biofeedback (or neurofeedback) has considerable research support in areas such
as uncontrolled epilepsy and attention deficit disorder and ADHD. In evaluating
the studies in the overall broad area of the neurofeedback treatment of anxiety
disorders, EEG biofeedback qualifies for the evidence-based designation of
being an efficacious treatment [62]. When separate anxiety disorders are
individually evaluated, the areas of phobic anxiety, generalized anxiety, and
PTSD each qualify for designation as being a probably efficacious treatment.
Currently there are only reports of cases and series of cases on the treatment of
depression and OCD and no published reports thus far on treatment of bipolar
disorder. Despite the lengthy follow-ups and use of objective measures,
neurofeedback treatment for depression and OCD is not yet empirically
supported. EEG biofeedback is an exciting, cutting-edge technology that offers
an additional treatment alternative for modifying dysfunctional, biologic brain
patterns that are associated with various psychiatric conditions.
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... Neurofeedback training (NFT) is considered a primary or supplementary treatment for a number of disorders, including attention-deficit/hyperactivity disorder (ADHD) [1][2][3][4][5], anxiety [6][7][8][9], and depression [7,8,10]. The American Academy of Pediatrics [11] provided a "level 1 best support" rating of NFT as a safe and effective evidence-based therapy for childhood ADHD. ...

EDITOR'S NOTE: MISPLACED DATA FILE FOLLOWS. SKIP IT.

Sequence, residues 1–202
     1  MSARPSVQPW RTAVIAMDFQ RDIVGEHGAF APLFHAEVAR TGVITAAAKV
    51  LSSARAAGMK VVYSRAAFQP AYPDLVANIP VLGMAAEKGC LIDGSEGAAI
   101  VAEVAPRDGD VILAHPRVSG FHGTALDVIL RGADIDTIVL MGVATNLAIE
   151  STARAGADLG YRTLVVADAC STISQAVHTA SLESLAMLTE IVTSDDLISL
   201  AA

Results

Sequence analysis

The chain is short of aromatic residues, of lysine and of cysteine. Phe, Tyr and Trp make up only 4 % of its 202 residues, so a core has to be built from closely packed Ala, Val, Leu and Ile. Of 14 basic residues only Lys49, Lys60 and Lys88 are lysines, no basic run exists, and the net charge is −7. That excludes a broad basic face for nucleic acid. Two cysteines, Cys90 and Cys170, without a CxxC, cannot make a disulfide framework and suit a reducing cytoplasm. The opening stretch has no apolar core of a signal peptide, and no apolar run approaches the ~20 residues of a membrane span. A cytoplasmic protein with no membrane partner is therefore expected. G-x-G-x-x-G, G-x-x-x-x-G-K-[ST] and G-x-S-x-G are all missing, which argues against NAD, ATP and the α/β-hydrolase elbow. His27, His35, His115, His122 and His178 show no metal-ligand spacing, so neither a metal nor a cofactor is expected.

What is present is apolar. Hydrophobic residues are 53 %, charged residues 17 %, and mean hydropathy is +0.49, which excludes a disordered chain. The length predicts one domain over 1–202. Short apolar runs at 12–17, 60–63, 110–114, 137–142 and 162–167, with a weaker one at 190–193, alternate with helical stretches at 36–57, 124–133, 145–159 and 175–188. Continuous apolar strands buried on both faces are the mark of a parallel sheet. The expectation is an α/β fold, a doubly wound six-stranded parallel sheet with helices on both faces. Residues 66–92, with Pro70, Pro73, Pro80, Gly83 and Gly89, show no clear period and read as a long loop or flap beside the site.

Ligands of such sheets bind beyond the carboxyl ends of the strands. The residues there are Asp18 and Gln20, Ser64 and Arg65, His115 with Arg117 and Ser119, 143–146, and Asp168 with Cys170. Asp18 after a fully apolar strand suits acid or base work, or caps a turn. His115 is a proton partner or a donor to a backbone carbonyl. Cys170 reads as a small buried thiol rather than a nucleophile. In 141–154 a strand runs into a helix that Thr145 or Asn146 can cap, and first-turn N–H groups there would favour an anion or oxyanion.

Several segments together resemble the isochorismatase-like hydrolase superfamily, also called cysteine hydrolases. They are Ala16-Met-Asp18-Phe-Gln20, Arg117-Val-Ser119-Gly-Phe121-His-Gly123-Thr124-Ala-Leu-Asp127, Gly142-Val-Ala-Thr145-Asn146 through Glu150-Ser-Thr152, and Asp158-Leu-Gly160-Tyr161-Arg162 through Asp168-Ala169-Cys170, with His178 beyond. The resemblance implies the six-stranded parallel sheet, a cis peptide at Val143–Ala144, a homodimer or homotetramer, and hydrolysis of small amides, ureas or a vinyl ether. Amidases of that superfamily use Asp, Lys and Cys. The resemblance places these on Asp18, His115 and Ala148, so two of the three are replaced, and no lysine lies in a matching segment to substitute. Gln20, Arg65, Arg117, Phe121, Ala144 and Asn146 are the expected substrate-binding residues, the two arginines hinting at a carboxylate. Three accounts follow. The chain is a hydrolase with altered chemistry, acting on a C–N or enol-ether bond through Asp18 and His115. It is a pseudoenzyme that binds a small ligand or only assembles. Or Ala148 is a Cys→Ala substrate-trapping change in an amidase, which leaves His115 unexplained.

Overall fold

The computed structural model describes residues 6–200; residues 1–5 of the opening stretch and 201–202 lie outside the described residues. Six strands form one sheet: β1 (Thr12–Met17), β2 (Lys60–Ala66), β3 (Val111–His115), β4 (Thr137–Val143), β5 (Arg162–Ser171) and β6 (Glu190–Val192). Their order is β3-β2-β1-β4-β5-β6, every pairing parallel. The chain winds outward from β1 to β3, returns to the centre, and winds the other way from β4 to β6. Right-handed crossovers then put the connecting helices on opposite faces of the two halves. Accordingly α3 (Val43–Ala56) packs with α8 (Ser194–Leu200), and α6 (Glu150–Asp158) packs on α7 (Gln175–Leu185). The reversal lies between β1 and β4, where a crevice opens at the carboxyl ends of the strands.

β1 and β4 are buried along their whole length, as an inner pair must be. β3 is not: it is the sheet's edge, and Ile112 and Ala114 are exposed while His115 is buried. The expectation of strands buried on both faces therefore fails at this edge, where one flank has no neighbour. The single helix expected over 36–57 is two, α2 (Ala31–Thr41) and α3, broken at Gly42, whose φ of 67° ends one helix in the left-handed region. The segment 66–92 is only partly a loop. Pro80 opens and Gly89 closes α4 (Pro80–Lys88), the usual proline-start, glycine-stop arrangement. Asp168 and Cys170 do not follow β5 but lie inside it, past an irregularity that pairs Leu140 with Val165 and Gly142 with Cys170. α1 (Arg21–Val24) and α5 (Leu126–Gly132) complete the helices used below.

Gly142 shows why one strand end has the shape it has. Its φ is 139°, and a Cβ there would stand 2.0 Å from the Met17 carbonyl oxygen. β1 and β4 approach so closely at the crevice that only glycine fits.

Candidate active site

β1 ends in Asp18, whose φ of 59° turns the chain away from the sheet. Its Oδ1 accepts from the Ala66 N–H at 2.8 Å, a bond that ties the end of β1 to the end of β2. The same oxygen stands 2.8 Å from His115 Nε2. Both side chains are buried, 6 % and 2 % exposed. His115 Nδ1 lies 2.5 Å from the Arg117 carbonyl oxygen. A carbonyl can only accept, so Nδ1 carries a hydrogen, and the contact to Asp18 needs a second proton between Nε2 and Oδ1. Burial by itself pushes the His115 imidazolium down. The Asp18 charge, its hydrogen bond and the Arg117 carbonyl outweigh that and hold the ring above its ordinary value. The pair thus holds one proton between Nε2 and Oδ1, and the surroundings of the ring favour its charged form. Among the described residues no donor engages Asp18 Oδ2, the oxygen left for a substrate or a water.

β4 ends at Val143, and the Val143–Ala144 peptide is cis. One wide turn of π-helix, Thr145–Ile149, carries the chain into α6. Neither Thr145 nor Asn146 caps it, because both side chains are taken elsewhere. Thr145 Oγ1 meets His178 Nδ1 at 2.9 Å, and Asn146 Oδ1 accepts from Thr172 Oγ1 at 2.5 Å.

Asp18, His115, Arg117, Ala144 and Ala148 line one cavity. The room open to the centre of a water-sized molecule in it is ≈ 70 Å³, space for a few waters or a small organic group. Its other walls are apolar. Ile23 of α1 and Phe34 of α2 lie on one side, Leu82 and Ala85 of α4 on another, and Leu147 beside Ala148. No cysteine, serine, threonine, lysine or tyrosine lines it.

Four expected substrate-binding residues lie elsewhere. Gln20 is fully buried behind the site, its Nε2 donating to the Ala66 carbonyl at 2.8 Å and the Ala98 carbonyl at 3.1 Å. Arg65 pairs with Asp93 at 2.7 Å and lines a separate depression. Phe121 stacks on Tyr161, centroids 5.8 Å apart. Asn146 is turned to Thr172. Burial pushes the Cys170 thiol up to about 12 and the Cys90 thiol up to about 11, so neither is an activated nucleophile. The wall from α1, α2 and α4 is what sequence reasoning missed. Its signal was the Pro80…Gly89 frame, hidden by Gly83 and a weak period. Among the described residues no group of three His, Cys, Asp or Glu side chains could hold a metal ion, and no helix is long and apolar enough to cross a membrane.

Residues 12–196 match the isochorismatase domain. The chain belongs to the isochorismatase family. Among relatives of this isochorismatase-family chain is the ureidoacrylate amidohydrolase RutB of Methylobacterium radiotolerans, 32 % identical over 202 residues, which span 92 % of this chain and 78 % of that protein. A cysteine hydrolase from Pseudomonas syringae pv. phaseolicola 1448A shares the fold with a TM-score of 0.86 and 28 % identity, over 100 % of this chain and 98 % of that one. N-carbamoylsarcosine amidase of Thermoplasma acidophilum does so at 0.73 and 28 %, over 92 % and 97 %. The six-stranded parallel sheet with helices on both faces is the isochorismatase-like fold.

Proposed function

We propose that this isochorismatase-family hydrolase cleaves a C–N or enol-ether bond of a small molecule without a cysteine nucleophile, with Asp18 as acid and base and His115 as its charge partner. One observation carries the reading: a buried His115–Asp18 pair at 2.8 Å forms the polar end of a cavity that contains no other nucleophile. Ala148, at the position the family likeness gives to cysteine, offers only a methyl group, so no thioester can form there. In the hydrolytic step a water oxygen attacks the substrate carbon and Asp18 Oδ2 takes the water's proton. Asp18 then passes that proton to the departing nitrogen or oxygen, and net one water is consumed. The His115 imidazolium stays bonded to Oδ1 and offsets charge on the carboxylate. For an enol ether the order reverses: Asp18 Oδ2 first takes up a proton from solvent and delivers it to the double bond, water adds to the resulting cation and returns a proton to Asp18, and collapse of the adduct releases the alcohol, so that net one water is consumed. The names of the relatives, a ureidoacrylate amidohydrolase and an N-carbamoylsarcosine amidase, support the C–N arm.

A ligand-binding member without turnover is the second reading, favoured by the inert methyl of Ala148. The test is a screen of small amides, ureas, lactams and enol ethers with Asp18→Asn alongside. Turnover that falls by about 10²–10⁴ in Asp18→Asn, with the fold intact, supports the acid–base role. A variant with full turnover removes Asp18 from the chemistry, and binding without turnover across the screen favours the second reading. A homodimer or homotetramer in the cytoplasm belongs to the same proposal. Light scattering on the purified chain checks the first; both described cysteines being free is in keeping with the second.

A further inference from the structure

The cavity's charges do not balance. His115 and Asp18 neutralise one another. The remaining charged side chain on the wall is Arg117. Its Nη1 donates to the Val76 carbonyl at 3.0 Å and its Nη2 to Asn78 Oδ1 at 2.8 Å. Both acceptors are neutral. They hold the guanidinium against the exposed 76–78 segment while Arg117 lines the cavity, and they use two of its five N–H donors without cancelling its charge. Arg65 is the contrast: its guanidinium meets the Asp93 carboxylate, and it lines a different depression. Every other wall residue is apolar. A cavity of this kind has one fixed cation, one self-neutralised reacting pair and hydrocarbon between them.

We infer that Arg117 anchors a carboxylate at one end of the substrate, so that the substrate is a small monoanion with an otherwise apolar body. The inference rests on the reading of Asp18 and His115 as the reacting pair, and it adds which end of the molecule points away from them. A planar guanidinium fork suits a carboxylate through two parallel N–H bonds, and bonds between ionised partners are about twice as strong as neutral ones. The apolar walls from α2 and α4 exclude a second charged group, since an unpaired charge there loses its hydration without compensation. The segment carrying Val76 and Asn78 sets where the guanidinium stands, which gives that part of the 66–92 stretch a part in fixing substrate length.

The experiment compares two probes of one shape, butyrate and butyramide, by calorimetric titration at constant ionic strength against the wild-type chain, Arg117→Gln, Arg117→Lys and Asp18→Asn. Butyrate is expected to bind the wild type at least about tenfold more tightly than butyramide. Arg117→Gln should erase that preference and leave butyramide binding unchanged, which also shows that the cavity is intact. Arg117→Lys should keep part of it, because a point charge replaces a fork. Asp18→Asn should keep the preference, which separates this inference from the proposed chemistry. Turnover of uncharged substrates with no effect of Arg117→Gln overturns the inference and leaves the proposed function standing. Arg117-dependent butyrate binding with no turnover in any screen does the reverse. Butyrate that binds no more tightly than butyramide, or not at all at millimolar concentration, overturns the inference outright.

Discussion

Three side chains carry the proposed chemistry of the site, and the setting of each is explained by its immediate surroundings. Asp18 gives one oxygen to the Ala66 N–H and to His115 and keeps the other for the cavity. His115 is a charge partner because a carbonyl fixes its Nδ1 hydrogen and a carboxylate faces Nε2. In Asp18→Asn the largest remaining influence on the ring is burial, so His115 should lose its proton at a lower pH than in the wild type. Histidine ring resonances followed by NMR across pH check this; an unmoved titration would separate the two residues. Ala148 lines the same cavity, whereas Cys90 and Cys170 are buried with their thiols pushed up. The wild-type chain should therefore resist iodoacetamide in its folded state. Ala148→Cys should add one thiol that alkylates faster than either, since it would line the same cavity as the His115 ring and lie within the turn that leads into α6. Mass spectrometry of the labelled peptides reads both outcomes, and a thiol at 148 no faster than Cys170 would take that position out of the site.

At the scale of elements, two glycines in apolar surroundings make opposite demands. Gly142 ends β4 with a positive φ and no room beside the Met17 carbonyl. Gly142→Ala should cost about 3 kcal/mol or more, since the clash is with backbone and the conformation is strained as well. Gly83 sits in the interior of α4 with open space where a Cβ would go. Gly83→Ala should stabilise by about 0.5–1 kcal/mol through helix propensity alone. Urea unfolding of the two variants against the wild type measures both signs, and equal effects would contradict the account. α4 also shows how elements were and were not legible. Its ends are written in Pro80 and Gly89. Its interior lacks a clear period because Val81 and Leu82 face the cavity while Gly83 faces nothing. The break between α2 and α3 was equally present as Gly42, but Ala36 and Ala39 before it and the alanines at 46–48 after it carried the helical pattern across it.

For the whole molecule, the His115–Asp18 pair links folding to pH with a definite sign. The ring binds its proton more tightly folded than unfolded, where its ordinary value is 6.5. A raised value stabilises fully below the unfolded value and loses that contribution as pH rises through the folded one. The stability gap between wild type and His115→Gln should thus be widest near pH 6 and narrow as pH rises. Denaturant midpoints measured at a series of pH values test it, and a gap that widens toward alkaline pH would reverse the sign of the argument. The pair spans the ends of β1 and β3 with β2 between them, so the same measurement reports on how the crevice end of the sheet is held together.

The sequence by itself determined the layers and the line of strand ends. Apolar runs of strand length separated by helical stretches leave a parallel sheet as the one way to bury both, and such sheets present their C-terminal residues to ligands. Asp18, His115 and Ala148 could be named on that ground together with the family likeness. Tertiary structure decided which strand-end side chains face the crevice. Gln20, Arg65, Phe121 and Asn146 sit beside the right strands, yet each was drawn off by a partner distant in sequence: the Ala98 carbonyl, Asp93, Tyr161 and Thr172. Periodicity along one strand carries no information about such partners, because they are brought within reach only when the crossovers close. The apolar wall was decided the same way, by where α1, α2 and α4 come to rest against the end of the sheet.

... Neurofeedback training (NFT) is considered a primary or supplementary treatment for a number of disorders, including attention-deficit/hyperactivity disorder (ADHD) [1][2][3][4][5], anxiety [6][7][8][9], and depression [7,8,10]. The American Academy of Pediatrics [11] provided a "level 1 best support" rating of NFT as a safe and effective evidence-based therapy for childhood ADHD. ...